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While many medical folks make a big fuss over the health problems linked to the sodium that food companies add to our food, there’s an equally problematic compound we’re consuming in processed foods that you’re hearing little about.
Researchers at the Houston Methodist Research Institute warn that the phosphates being pumped into your breakfast cereal and dairy foods (and other items) may be stiffening your arteries, enlarging your heart, weakening your bones and stressing out your kidneys.
That’s quite a collection of harmful effects for a food ingredient that hardly anyone ever mentions. And there’s probably a good reason the food companies keep it hush-hush. If phosphates’ dangers were well-known among supermarket shoppers, especially customers who eat cereal with milk for breakfast every morning and love their cheesy pizza, they might run for the exits without filling up their carts.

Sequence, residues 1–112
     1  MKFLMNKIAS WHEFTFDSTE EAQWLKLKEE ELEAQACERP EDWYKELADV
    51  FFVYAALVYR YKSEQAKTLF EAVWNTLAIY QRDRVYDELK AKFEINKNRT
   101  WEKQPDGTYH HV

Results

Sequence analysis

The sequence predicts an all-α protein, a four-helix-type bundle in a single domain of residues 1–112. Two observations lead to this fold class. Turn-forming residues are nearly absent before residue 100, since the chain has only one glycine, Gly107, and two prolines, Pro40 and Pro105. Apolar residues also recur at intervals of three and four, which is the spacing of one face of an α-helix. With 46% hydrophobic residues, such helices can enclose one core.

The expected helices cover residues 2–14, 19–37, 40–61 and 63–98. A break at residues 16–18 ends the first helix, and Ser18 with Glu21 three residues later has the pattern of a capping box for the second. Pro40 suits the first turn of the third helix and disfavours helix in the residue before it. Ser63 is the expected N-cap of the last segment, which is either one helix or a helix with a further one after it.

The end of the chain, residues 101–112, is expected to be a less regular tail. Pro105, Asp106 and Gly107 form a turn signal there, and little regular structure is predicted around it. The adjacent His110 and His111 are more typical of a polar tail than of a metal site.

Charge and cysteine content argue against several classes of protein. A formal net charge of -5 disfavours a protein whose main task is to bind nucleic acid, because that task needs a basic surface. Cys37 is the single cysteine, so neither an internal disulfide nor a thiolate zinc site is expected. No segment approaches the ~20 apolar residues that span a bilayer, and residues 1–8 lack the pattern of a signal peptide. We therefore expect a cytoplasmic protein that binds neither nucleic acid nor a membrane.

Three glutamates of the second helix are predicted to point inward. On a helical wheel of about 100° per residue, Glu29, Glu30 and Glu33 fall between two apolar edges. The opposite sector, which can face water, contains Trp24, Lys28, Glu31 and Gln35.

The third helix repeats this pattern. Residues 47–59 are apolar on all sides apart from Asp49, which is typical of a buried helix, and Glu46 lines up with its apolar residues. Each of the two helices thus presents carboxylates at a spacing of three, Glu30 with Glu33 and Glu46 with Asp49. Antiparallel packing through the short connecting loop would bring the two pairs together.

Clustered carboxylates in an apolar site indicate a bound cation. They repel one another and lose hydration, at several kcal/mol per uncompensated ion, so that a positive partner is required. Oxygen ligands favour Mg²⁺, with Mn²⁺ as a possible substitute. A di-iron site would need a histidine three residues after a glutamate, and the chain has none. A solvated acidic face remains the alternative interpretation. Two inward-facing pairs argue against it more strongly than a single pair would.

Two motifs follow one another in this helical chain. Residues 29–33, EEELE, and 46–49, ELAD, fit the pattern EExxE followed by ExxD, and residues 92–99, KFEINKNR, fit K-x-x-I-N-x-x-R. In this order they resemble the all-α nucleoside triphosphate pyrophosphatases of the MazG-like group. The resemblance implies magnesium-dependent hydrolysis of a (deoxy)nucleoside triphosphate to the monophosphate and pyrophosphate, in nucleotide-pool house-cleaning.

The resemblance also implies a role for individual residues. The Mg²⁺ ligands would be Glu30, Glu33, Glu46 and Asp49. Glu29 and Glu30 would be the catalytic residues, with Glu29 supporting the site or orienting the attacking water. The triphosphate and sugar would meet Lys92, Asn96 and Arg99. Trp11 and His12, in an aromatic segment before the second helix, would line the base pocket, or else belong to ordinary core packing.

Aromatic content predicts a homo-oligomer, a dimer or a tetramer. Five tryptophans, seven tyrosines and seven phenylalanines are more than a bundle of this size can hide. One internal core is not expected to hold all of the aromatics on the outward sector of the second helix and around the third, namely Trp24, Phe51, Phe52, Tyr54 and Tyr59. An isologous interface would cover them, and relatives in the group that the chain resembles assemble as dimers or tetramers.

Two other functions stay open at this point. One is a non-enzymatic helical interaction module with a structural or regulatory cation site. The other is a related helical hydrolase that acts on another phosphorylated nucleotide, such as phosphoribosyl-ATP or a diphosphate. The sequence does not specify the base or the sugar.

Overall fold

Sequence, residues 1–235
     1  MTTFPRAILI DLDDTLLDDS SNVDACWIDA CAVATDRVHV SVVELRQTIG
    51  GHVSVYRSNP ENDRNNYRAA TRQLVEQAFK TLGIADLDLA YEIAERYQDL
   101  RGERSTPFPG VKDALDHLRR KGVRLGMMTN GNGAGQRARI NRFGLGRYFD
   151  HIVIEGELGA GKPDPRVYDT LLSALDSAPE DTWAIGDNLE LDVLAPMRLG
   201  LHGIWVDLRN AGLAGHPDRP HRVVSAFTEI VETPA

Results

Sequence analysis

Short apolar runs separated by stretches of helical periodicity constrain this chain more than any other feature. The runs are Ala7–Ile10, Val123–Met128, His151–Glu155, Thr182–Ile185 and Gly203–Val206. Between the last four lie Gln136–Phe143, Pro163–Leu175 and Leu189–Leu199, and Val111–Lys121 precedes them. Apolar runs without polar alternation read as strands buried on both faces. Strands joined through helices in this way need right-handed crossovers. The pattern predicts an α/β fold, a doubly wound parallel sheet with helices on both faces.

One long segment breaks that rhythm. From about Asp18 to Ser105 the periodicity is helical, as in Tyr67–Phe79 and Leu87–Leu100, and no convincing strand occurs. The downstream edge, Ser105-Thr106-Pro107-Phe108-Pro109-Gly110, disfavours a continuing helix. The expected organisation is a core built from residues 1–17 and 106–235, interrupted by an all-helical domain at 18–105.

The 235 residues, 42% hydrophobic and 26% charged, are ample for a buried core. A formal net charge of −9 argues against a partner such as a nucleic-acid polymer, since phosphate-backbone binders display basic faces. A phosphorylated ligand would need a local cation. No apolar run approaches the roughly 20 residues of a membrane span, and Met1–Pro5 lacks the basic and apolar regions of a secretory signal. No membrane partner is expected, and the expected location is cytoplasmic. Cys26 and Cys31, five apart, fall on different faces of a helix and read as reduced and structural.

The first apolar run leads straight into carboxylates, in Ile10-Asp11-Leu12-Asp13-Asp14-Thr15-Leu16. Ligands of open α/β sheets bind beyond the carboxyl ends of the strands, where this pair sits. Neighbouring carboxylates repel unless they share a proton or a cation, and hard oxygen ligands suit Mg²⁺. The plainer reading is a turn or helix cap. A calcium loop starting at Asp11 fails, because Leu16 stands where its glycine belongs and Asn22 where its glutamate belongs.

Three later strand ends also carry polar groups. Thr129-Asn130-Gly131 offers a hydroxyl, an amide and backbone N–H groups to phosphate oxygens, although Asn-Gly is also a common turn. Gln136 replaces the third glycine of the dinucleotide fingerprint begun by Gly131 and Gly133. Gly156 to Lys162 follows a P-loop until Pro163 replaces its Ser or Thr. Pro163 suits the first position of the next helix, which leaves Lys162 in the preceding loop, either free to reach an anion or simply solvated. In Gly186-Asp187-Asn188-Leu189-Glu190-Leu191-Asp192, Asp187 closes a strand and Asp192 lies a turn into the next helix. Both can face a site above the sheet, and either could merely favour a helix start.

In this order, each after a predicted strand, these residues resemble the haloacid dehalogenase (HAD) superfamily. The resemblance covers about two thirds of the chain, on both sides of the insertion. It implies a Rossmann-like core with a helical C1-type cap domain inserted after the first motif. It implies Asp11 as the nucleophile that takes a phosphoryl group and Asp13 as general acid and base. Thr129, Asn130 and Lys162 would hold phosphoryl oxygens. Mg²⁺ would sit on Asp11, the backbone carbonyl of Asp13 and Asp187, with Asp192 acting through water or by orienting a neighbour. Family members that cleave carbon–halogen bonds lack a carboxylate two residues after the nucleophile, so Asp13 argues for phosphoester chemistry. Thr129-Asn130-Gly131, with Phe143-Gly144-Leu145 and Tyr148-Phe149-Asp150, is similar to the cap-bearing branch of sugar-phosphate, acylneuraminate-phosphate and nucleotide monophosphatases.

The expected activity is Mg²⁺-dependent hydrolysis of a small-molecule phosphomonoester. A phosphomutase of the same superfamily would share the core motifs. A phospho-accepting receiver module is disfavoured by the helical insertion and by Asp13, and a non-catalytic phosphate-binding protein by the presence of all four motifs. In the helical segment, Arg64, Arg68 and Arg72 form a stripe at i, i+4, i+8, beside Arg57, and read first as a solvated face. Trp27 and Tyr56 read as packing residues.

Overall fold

“The study suggests people should be more aware of what they eat,” warns researcher Linda Moore, director of clinical research programs for Houston Methodist Hospital’s Department of Surgery. “The Institute of Medicine recommends 700 milligrams of phosphate per day and we think that’s a good number. What we were seeing in this study was twice the consumption of that amount for a lot of people. Too much phosphate is concerning to people who are healthy — but it is of special concern to people who already have kidney damage or chronic renal disease.”
While your cells need some phosphates in your diet to function properly, thanks to the heavy marketing of processed foods, we are eating way too much.
“Pancake and ‘quick bread’ mixes and processed cheeses often contain a lot of inorganic phosphate, so those should be consumed less frequently,” says Moore. “We are seeing an increase in the proportion of Americans who have kidney disease, but no good explanations why. We thought that it might matter how the phosphates exist in different foods, and how we absorb them.”
You also need to watch out for the phosphates added to foods as preservatives, leaveners (in cookies and bread) and thickening agents.
This research offers one more reason to eat a diet filled with fruits and vegetables while foregoing the processed items that supermarkets love to promote. The nutrients in fresh foods protect your kidneys, heart, blood vessels and other organs from the harm that the purveyors of phosphate-filled junk food and fast food would just as soon sweep under the supermarket rug.